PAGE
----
Humanetics Corporation awarded Federal Contract For Development of New Radiation Countermeasure to Protect the Lungs
The National Institute of Allergy and Infectious Diseases Radiation Nuclear Countermeasures Program awarded the contract
MINNEAPOLIS, MN — Humanetics Corporation (Humanetics) has been awarded a three-year contract valued at approximately $5.4 million from the National Institute of Allergy and Infectious Diseases (NIAID), part of the National Institutes of Health. The contract will fund continued development of Humanetics’ proprietary drug candidate, BIO 300, as a medical countermeasure for use in the event of a radiological or nuclear incident.
BIO 300 is being developed to mitigate the delayed effects of acute radiation exposure to the lungs. The lungs are especially prone to damage from radiation exposure, which can lead to debilitating and life-threatening diseases including pneumonitis and pulmonary fibrosis. Currently, there are no drugs approved to prevent or treat radiation-induced lung injury.
Humanetics will conduct nonclinical research in collaboration with the Division of Translational Radiation Sciences at the University of Maryland School of Medicine under the direction of Isabel L. Jackson, Ph.D., assistant professor in the Department of Radiation Oncology and Director of the Medical Countermeasure Program. “We are excited to continue our research partnership with Humanetics, which builds on earlier successful studies on BIO 300 conducted at our facility,” said Dr. Jackson. “Delayed lung injury is a serious consequence of radiation exposure and must be addressed as we work to prevent the kind of widespread harm that could result from a nuclear event or accident.”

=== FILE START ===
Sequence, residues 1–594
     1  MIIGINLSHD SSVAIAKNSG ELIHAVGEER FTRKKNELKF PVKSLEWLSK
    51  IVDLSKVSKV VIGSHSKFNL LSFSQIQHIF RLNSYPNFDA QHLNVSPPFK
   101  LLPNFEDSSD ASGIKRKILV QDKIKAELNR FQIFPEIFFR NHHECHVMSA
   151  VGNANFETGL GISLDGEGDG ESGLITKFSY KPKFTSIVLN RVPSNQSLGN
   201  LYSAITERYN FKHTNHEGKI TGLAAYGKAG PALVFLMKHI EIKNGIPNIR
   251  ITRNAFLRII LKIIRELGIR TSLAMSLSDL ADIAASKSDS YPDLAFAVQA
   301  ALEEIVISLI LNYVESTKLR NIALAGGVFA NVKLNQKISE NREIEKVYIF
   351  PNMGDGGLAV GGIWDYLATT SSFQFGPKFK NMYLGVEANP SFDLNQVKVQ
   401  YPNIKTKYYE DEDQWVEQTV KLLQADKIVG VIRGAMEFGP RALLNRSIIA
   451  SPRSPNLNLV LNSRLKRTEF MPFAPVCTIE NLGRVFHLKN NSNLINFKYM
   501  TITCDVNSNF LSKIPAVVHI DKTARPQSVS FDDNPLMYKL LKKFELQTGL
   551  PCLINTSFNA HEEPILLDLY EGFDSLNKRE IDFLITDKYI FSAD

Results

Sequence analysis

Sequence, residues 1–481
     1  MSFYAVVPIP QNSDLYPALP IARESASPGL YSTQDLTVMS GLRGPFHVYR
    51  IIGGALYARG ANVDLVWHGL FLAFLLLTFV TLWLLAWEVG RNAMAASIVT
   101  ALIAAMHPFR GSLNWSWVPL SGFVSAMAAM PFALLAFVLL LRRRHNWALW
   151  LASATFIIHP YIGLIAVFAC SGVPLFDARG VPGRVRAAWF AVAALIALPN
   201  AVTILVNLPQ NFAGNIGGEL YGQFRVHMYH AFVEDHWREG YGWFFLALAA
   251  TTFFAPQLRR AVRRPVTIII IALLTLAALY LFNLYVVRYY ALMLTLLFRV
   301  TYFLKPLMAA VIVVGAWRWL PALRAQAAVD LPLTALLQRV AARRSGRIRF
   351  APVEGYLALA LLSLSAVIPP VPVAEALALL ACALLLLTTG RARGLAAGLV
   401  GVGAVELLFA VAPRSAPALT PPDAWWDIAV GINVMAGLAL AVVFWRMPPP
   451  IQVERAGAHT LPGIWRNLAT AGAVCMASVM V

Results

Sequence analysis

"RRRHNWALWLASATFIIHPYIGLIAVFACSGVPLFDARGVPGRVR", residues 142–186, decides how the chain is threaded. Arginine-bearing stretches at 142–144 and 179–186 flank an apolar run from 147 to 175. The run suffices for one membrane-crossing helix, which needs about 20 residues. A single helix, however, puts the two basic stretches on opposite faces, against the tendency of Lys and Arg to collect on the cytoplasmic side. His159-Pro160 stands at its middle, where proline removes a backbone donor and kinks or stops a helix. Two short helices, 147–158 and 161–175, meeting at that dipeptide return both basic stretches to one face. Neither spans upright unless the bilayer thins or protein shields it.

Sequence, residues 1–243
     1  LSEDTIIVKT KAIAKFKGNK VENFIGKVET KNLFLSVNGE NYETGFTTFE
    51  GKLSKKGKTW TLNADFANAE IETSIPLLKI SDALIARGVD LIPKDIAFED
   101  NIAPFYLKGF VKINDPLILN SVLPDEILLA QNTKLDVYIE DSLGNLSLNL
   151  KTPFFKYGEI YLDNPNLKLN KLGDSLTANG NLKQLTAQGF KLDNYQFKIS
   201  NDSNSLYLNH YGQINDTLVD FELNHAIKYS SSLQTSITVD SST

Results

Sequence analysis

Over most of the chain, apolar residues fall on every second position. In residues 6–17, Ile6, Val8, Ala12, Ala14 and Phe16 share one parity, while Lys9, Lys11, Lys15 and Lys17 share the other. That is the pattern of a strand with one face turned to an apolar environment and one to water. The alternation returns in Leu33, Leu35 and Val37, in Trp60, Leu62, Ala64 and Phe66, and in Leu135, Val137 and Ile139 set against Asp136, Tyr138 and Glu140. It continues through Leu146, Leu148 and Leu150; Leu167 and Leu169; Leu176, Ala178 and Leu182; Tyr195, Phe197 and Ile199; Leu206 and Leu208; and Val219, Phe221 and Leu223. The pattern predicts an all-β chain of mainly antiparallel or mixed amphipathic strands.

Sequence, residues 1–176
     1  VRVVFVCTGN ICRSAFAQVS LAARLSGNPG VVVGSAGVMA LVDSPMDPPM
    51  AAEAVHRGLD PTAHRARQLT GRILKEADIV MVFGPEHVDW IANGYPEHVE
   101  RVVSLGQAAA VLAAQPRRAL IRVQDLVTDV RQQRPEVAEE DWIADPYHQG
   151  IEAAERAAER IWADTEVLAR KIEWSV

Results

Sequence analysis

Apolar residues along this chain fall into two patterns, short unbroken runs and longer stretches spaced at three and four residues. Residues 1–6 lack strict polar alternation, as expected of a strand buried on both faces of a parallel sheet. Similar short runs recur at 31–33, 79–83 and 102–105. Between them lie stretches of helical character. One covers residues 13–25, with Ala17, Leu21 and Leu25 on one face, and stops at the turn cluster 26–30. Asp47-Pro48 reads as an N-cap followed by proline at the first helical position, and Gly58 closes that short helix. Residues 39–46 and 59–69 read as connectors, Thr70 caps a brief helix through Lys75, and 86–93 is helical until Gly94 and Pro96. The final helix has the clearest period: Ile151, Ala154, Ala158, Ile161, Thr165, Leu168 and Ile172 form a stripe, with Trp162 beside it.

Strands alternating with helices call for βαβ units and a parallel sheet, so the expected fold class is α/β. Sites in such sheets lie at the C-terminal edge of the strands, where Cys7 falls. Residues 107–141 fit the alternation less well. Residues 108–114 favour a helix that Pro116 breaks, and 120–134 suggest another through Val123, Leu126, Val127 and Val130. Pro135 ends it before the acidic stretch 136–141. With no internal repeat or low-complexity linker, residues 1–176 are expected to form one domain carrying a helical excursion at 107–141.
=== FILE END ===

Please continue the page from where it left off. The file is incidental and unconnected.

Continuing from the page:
The radioprotective effects of BIO 300 were originally discovered by researchers at the U.S. Department of Defense. Humanetics licensed this technology and has advanced the development of BIO 300 for use as a medical countermeasure and as a drug to protect cancer patients undergoing radiation treatment. BIO 300 is currently being evaluated in a Phase 1b/2a clinical trial in people with non-small cell lung cancer.
“We are enthusiastic about NIAID’s continued support of BIO 300 as a drug that can be used to treat both civilians and military personnel who have been exposed to radiation,” said Humanetics CEO Ronald J. Zenk. “The work done under this contract will be an important step toward FDA approval for BIO 300.”
Humanetics is a clinical-stage pharmaceutical company engaged in accelerated discovery, development and commercialization of proprietary drugs in markets with urgent and unmet needs, with a focus on radiation modulators for oncology and medical countermeasure uses. For more information, visit www.humaneticscorp.com.
About the University of Maryland School of Medicine, Division of Translational Radiation Sciences
The Division of Translational Radiation Sciences (DTRS) is a part of the Department of Radiation Oncology at the University of Maryland School of Medicine. The division is home to one of the largest medical countermeasure programs in the world. The division has the necessary technical capabilities, infrastructure, and resources to conduct preclinical efficacy screens against both acute and delayed effects of radiation exposure. For more information, visit the DTRS Medical Countermeasure Program.